Christ Himself says in the New Testament: “For my Father’s will is that everyone who looks to the Son and believes in Him shall have eternal life, and I will raise them up at the last day”(John 6:40). “My sheep listen to my voice; I know them, and they follow me. I give them eternal life, and they shall never perish” (John 10:28-29), and, “Whoever drinks the water I give them will never thirst. Indeed, the water I give them will become in them a spring of water welling up to eternal life” (John 4:14).

God-inspired Scripture recognises mankind’s thirst for life, and Christ promises not only to quench that thirst, but also that by His influence on the souls of believers, they will help others to come to life as well, for “whoever believes in me, as Scripture has said, rivers of living water will flow from within them” (John 7:38).

Still, without denying the value of life, Scripture sees it as a side effect of the communion between God and mankind. When Christ says, “Apart from Me you can do nothing” (John 15:5), He is actually saying that He is the supporter of human life and that, although this support is discreet, in its absence, nothing of what we are and surrounds us could exist.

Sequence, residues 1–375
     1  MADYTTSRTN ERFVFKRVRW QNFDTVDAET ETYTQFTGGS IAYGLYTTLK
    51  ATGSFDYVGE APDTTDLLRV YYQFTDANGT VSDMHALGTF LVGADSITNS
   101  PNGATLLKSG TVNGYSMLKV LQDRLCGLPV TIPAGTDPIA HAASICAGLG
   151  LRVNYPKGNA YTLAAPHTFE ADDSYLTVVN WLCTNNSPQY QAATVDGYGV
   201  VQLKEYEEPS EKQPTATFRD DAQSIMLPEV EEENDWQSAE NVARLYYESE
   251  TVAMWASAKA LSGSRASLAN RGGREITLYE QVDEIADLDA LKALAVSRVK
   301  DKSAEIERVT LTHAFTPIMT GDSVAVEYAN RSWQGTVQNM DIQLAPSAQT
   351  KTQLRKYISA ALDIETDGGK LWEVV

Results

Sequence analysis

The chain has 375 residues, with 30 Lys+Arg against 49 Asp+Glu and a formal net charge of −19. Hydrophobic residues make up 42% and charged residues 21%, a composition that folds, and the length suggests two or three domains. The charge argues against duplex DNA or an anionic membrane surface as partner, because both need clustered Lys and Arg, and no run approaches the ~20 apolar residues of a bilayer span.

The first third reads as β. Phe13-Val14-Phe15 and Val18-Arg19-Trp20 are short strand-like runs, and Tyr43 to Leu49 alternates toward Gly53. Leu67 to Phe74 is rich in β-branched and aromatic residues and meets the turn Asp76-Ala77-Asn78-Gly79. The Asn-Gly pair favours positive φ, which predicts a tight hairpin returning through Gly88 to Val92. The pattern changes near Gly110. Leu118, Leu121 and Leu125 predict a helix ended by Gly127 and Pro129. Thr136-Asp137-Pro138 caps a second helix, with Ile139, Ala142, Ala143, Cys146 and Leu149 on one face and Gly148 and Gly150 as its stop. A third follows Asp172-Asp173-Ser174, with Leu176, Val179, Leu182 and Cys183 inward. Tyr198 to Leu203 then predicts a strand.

Life is a gift from God, and if we look at it that way, we also understand why it would be inappropriate to value it more than we value the One who gave it to us. This is so delicately nuanced that, unfortunately, it has been misunderstood a tragic number of times. But that doesn’t mean it’s less important; it’s just very, very difficult to convey.

“By beholding we become changed—It is a law both of the intellectual and the spiritual nature that by beholding we become changed. The mind gradually adapts itself to the subjects upon which it is allowed to dwell. It becomes assimilated to that which it is accustomed to love and reverence,” wrote American author, Ellen White, in the 19th century. But her words were an echo of Scripture.

“We all,” said Paul, “who with unveiled faces contemplate the Lord’s glory, are being transformed into His image with ever-increasing glory, which comes from the Lord, who is the Spirit” (2 Corinthians 3:18). But what does “glory” mean? It is the mission of each and every one of us to find out for ourselves and to be transformed by what we discover.

Alina Kartman majored in Communications and Public Relations, but opted for a career in journalism. Having published more than 1,500 pieces of writing over her 13 years of media activity, Alina has senior editorial experience. She is part of the team who advanced, the platform for the Signs of the Times magazine in Romania. She is currently pursuing a Master’s degree in Programs and Investment Management.